Memory

Creating an investigation board from memories

 

 

 

 

 

 

Yael Moinester   |   April 2022

True or False?

Memory is illusive. The brain is not a reality recorder. It can distort and confuse, and more so with the passage of time.

False Memories

Elisabeth Loftus’s most famous study, “lost in the mall”, revealed that more than 25 percent of the participants’ studied, not only “remembered” implanted memories, but also filled in “missing details” of the invented event.

The Investigation board

The investigation board is a technology of truth in itself, serving a meta-investigative function by visually rendering a theory of causality, association, and guilt.

The investigation board

Description of the crime
Victim  |  Witnesses  |  Suspects
Time  |  Crime scene location 
Evidence  |  Weapon
Connections

Description of the crime

How to rewrite the memory.
Tell your story. Your truth. Your testimony.

Forensic documents

Using forensic documents and forms as the means of telling the story. The remembered story.

Evidence

I collected made-up and fantasized evidence that if had been found, would have incriminated my big sister and found her guilty of her ‘crimes’.

The weapon: Laughter

The traumatic memory includes aspects of ridicule and laughter and incorporates the confusing perception of reality and falsehood. The mouth and teeth became part s of the weapon.

The weapon: Laughter

The traumatic memory includes aspects of ridicule and laughter and incorporates the confusing perception of reality and falsehood. The mouth and teeth became part of the weapon.

Facial composite

My memory of my sister.
The way she looked then. 38 years ago…
A facial composite created from memory using FACES.

Facial composite

My memory of my sister.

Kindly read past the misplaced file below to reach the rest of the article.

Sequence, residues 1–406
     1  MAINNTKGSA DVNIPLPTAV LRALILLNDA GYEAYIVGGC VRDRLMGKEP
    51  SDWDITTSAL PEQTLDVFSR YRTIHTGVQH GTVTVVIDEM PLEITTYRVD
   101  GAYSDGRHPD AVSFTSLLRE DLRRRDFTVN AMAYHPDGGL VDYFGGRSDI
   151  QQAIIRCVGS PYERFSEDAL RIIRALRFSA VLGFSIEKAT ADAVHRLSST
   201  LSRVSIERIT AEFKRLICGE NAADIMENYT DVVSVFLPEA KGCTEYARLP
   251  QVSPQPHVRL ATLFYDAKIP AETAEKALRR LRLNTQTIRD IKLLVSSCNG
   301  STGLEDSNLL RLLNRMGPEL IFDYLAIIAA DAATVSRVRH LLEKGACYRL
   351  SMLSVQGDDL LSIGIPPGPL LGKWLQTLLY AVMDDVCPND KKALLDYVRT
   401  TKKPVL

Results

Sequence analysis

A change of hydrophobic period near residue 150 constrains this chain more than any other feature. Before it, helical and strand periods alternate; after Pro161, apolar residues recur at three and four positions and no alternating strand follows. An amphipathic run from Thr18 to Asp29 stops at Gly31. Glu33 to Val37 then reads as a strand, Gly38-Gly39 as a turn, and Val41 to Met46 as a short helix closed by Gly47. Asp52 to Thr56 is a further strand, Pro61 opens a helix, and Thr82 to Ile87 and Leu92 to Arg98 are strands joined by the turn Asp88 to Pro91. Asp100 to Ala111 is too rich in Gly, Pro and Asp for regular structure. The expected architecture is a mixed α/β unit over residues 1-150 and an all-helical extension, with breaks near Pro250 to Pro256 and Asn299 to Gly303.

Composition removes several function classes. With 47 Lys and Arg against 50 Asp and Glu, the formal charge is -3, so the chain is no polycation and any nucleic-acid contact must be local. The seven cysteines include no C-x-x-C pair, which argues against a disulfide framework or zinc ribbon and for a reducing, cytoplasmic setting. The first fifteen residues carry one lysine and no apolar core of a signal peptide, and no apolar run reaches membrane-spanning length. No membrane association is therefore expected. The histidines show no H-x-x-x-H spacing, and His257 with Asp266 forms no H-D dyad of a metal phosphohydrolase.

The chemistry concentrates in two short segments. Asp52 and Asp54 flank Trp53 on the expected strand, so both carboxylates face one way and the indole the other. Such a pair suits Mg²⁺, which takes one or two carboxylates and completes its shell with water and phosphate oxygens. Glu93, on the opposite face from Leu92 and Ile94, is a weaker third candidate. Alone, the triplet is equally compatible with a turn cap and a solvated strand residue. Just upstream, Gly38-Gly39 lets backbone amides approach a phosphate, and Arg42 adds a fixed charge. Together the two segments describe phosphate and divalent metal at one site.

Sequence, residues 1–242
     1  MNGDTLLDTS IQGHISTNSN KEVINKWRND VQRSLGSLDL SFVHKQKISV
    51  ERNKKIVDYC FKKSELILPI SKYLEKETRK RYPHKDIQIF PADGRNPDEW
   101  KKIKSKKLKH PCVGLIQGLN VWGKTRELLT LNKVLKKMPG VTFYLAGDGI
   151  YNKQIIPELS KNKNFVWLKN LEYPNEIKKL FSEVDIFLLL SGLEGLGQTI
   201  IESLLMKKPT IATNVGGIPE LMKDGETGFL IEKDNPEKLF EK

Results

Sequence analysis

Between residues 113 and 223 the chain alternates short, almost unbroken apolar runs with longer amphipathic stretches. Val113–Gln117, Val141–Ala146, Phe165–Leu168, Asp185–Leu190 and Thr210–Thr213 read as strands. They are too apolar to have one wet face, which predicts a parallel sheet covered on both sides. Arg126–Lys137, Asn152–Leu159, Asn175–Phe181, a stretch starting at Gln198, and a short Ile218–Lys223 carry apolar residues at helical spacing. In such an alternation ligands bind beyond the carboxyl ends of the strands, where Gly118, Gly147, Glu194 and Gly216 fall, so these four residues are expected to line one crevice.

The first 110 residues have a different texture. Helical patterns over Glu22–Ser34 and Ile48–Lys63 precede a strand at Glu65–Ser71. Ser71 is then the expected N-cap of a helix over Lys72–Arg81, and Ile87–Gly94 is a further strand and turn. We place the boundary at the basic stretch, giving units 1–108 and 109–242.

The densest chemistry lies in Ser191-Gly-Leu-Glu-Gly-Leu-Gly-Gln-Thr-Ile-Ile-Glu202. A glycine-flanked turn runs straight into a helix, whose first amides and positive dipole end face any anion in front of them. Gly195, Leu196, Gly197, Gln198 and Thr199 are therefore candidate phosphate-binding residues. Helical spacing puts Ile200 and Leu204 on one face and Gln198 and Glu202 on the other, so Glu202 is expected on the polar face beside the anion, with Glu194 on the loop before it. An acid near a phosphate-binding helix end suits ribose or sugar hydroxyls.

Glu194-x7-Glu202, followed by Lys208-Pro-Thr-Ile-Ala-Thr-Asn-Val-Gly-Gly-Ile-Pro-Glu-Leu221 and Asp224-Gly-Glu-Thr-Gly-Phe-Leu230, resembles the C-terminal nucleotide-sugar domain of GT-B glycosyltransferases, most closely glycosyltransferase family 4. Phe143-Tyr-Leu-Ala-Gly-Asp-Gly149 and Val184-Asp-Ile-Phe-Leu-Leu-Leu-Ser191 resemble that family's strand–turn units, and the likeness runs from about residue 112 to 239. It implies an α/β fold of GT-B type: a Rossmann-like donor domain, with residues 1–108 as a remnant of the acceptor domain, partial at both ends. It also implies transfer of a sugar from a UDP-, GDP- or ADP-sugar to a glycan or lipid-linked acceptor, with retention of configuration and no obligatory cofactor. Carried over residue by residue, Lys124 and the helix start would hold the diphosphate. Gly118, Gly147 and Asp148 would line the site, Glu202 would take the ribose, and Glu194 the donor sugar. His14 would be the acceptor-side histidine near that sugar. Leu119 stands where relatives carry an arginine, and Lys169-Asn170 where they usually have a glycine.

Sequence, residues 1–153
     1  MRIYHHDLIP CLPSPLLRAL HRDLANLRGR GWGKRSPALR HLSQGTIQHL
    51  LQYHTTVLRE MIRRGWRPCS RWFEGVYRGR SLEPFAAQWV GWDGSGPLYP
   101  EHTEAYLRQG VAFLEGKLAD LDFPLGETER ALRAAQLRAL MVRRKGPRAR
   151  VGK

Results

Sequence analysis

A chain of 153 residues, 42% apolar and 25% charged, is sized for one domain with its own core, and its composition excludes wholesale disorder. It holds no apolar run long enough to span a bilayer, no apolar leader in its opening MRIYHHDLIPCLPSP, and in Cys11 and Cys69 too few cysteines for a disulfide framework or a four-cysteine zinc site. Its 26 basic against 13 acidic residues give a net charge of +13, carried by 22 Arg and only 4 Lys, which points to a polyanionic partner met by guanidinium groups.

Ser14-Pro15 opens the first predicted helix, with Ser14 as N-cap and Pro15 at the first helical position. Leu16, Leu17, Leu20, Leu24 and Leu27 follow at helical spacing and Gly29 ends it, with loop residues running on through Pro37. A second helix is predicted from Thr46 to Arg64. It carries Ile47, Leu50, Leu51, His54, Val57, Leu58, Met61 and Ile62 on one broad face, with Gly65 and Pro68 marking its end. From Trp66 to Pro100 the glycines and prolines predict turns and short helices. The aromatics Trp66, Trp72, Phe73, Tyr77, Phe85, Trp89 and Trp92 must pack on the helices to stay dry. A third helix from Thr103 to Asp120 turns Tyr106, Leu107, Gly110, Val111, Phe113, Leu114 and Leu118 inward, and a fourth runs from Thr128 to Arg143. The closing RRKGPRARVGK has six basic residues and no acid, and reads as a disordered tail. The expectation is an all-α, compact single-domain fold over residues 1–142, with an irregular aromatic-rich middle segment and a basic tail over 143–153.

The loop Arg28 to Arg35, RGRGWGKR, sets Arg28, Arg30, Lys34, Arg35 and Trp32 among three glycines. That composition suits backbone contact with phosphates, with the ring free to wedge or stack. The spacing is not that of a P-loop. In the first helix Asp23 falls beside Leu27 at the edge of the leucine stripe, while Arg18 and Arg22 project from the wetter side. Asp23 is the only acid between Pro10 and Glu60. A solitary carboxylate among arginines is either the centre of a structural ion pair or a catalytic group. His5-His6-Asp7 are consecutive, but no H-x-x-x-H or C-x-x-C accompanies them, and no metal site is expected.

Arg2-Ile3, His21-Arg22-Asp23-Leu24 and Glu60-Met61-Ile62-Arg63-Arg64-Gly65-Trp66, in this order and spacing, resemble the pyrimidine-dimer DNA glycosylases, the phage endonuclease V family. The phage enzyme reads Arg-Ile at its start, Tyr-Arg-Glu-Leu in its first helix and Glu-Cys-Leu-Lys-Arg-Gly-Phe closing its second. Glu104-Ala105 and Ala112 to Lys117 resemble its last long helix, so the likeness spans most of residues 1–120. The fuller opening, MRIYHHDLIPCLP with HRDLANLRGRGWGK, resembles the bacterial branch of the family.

The way she looked then. 38 years ago…
A facial composite created from memory using FACES.

The End.

Ways to Remember

Using facial composite methods to reconstruct a memory

 

 

Yael Moinester | August 2021

I was there. I saw it. Felt it. Smelt it.
I was there. All my being. My entirety.
I was there. In a specific moment. A specific time. A specific place.
Now what’s left?
The memory.

 

It’s strange. Something that happened in real life is encoded, stored in your brain, and then retrieved, visualized, imagined. A reenactment of what happened, in your mind. You can really see it, feel it, sometimes even smell it. But it’s not real. It’s not there anymore. It’s a memory. Rebuilt. Rewinded and played back in your head. No one can see it but you. It’s yours now. Your private recorder and your private projector.

 

If memories are reenactments,
facial composites are reenactments of memories,
and my entire project is like a giant facial composite.
Rebuilding a face feature by feature.
Rebuilding a memory piece by piece.

Remembering in words

How can you verbalize a memory? Verbalizing not the event itself, but its’ memory. Scribbled words on a tiny post it. “Gigantic forehead… perfect teeth… beautiful smile…”. Words that describe my sister. My memory of my sister. The way she looked then. 38 years ago… Descriptions, words, looped and repeated over and over again. A verbalized facial composite. On a post it.